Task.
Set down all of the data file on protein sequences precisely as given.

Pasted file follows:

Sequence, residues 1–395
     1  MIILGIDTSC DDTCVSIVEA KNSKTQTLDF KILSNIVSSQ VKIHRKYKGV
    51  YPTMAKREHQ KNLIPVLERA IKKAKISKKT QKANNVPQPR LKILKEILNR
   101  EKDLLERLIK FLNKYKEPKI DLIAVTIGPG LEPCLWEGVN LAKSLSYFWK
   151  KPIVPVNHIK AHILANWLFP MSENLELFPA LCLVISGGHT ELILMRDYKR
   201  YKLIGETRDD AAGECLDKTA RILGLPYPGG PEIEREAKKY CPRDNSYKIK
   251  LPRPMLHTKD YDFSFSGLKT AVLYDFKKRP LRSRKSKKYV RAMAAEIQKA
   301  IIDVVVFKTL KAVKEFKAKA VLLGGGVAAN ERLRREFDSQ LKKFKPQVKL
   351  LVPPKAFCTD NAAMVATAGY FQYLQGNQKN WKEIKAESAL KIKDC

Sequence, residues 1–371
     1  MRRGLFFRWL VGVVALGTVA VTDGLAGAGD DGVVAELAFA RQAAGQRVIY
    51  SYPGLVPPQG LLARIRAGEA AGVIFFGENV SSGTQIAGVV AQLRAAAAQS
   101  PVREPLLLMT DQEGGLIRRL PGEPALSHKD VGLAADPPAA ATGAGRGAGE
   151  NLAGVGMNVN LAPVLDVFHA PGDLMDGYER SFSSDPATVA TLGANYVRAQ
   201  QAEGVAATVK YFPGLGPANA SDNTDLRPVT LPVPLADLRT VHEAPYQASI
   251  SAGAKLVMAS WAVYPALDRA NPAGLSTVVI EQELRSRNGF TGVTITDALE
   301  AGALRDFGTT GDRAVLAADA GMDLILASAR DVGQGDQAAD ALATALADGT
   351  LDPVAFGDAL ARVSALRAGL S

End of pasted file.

Sequence, residues 1–395
     1  MIILGIDTSC DDTCVSIVEA KNSKTQTLDF KILSNIVSSQ VKIHRKYKGV
    51  YPTMAKREHQ KNLIPVLERA IKKAKISKKT QKANNVPQPR LKILKEILNR
   101  EKDLLERLIK FLNKYKEPKI DLIAVTIGPG LEPCLWEGVN LAKSLSYFWK
   151  KPIVPVNHIK AHILANWLFP MSENLELFPA LCLVISGGHT ELILMRDYKR
   201  YKLIGETRDD AAGECLDKTA RILGLPYPGG PEIEREAKKY CPRDNSYKIK
   251  LPRPMLHTKD YDFSFSGLKT AVLYDFKKRP LRSRKSKKYV RAMAAEIQKA
   301  IIDVVVFKTL KAVKEFKAKA VLLGGGVAAN ERLRREFDSQ LKKFKPQVKL
   351  LVPPKAFCTD NAAMVATAGY FQYLQGNQKN WKEIKAESAL KIKDC

Sequence, residues 1–371
     1  MRRGLFFRWL VGVVALGTVA VTDGLAGAGD DGVVAELAFA RQAAGQRVIY
    51  SYPGLVPPQG LLARIRAGEA AGVIFFGENV SSGTQIAGVV AQLRAAAAQS
   101  PVREPLLLMT DQEGGLIRRL PGEPALSHKD VGLAADPPAA ATGAGRGAGE
   151  NLAGVGMNVN LAPVLDVFHA PGDLMDGYER SFSSDPATVA TLGANYVRAQ
   201  QAEGVAATVK YFPGLGPANA SDNTDLRPVT LPVPLADLRT VHEAPYQASI
   251  SAGAKLVMAS WAVYPALDRA NPAGLSTVVI EQELRSRNGF TGVTITDALE
   301  AGALRDFGTT GDRAVLAADA GMDLILASAR DVGQGDQAAD ALATALADGT
   351  LDPVAFGDAL ARVSALRAGL S